2. Room Sharing - allowing your child to be close for easy feedings, changing and the feeling of closeness up to 6 months to 1 year of age.

  3. Alone - Always place your child to  sleep alone in an approved crib. The crib should include only your baby.

  4. A firm approved mattress is also recommended.  A soft mattress could develop indentations that could be problematic to your child's health if they get trapped.

  5. The mattress should be covered with a well fitting sheet (ideally a fitted sheet) and there should be nothing else in the crib.  This means NO bumpers, pillows, blankets, toys, stuffed animals or anything else that might suffocate, entrap or strangle the child.A wearable blanket is perfect for keeping your child warm as it reduces the risk of covering the baby’s head or causing entrapment.

  6. Keep the bedroom dark. You might only have a nightlight for you to see by. Room darkening curtains are very helpful to create this environment.

  7. Keep the room cool (18-20 celsius or 68-72 fahrenheit) and be careful not to overheat your child. Signs of overheating including sweating and/or the child’s chest feels hot to touch.  If your child falls asleep when you are out please also be careful using carseat and stroller covers as these can reduce airflow and increase the risk of overheating.

  8. Avoid exposure to smoke or secondhand smoke during pregnancy and postpartum. Avoid drinking alcohol and using illicit drugs. It is especially important to not consume alcohol or drugs prior to bed sharing, as any impairment of the adult greatly increases the risk of SIDS.

  9. Breastfeeding is recommended in reducing SIDS risk. This isn’t to say that bottle feeding is dangerous. I always say fed is best whatever the method. I have a formula fed and breastfed baby so fully understand both sides.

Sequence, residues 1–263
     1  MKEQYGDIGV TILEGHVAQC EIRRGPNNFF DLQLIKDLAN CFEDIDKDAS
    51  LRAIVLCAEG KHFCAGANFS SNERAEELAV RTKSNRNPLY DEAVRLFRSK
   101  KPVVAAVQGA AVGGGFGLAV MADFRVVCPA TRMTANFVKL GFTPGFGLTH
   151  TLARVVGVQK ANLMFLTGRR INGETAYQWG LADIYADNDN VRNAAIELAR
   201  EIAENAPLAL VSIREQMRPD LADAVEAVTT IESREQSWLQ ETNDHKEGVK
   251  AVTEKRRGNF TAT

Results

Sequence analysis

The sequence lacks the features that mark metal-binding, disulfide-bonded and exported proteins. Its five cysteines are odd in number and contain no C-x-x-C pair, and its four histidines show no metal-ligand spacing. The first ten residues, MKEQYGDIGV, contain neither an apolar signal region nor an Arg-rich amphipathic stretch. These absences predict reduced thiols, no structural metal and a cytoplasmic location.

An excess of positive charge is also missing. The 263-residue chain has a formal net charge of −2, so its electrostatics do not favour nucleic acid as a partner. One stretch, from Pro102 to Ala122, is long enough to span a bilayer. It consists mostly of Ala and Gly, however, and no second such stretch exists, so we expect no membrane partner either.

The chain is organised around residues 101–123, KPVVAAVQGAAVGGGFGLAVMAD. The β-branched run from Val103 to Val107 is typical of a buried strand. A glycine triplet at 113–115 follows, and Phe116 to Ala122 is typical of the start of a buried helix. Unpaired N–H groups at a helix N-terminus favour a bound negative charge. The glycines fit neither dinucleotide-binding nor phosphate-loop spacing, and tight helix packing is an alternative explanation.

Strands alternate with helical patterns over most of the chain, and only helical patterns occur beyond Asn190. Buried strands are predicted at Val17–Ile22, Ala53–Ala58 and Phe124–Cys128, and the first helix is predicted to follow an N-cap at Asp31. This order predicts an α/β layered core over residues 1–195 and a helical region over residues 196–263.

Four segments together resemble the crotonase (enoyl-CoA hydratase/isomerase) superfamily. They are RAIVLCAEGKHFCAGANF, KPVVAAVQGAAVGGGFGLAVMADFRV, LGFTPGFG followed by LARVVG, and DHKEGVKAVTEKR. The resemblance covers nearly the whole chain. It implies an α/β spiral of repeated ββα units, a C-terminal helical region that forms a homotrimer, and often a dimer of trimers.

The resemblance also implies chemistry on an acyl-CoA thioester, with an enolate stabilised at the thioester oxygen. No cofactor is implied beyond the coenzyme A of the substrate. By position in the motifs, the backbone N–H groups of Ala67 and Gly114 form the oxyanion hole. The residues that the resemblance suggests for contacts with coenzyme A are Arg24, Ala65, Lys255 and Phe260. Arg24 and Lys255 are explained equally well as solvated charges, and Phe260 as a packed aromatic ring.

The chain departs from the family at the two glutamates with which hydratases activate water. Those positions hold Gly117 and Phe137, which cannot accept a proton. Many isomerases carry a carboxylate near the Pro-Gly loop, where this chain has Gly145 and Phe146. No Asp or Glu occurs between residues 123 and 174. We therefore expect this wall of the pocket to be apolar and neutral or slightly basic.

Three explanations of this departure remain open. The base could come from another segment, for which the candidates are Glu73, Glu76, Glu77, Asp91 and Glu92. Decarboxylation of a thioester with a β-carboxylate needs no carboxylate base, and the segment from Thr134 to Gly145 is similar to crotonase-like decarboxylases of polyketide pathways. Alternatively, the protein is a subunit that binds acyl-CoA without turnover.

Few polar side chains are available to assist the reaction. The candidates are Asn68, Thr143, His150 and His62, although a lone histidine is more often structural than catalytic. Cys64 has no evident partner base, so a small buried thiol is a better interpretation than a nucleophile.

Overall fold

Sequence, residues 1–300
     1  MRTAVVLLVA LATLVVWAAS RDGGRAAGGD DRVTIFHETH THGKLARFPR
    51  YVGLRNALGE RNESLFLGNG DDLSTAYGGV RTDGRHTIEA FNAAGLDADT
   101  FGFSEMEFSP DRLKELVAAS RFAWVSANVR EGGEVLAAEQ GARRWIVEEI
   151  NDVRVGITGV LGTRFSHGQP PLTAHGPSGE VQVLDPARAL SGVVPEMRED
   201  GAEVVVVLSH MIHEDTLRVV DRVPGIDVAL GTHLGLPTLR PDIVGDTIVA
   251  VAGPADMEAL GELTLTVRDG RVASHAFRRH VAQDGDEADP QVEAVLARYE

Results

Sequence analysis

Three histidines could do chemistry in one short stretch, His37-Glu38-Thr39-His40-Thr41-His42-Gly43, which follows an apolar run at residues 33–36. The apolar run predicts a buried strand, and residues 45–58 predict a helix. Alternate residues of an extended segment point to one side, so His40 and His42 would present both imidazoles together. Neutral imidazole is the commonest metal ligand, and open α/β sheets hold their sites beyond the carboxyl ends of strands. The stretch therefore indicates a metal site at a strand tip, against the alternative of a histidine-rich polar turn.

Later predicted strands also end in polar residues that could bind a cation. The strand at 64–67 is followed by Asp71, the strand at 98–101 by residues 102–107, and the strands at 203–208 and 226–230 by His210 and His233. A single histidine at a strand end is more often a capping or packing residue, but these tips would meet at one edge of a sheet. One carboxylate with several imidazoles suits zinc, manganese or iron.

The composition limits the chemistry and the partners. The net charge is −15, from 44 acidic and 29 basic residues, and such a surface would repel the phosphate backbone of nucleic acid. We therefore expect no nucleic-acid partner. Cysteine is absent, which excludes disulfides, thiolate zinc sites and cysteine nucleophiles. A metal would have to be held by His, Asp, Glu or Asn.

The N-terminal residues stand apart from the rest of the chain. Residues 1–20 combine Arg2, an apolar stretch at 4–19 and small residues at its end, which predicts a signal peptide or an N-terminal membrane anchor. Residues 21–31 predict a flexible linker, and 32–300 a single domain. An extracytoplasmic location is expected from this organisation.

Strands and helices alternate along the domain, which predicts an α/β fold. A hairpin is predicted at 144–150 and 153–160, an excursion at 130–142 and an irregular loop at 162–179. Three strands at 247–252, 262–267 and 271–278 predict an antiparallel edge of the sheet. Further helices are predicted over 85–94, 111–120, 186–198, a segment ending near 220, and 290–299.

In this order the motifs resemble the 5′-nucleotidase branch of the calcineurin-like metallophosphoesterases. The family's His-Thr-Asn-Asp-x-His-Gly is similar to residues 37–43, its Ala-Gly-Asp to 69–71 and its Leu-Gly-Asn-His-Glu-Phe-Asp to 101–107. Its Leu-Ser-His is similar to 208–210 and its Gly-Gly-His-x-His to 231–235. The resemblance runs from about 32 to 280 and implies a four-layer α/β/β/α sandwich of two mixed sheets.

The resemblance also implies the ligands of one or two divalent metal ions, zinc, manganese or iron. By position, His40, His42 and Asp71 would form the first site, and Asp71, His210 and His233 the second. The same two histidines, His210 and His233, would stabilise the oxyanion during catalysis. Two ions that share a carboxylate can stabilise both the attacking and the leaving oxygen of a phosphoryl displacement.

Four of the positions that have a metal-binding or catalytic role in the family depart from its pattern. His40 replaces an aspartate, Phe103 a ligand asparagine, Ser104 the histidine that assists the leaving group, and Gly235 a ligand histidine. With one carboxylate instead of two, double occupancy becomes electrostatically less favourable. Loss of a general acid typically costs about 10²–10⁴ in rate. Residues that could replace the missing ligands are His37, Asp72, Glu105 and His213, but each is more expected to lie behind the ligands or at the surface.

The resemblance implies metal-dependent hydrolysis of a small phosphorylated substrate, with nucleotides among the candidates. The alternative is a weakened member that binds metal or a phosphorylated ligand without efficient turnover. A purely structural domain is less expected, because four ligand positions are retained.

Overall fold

10. Using a soother has also been shown to reduce the risk of SIDS. This includes when a baby is sleeping and the pacifier falls out.  A pacifier should not be attached to a string or your child or propped to stay in your child's mouth as any of these can increase the risk of suffocation or strangulation.  If your child will not take a soother early on try again when your child is a little older. It is recommended to wait until breastfeeding is established before introducing a soother. Evidence is insufficient on the effects of thumbsucking and the reduction of SIDS.

  11. Consistent prenatal care is an essential component of having a healthy baby as well as regular medical checks with your health care practitioner.

  12. Immunize your child as per the guidelines.  This also reduces the chance of SIDS as many of these visits also include health checks and information on the well being of your baby.

  13. Skin to skin contact is also important to relax the baby before putting them in the crib. I often did this in the morning when we woke up. It used to be my favourite time of day. Those moments were so special. But if you are about to fall asleep please place your baby in their crib. Another risk for SIDS are children sleeping on sleeping parents chests on chairs and couches.  

Here’s to safe sleep for you and your family.

Xx Alison